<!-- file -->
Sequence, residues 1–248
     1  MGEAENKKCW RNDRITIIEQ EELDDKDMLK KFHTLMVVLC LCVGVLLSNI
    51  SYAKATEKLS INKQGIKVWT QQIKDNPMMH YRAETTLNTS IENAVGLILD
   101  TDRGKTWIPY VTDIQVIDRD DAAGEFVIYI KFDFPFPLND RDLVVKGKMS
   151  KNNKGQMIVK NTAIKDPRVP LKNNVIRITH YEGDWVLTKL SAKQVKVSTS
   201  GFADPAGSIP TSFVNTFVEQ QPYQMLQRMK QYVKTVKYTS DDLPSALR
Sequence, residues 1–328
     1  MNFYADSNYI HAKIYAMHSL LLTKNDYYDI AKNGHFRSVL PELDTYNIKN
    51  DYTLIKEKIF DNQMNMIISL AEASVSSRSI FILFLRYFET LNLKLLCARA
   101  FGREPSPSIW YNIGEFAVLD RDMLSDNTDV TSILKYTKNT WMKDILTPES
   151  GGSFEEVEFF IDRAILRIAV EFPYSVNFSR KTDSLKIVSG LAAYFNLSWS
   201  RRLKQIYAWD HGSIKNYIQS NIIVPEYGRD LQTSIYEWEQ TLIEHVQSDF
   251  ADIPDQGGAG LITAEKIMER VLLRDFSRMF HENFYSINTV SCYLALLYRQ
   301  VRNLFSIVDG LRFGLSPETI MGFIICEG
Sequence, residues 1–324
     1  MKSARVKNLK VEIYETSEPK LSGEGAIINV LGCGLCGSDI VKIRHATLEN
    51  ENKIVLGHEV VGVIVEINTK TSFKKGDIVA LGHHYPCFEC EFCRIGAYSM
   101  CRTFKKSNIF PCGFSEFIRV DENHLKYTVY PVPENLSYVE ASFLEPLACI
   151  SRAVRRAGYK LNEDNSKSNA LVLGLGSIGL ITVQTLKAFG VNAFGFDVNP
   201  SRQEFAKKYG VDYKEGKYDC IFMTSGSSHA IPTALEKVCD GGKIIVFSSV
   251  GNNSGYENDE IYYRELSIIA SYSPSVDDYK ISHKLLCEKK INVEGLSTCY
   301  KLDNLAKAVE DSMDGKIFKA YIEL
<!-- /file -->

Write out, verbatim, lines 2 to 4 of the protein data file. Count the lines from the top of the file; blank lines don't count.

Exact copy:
     1  MGEAENKKCW RNDRITIIEQ EELDDKDMLK KFHTLMVVLC LCVGVLLSNI
    51  SYAKATEKLS INKQGIKVWT QQIKDNPMMH YRAETTLNTS IENAVGLILD
   101  TDRGKTWIPY VTDIQVIDRD DAAGEFVIYI KFDFPFPLND RDLVVKGKMS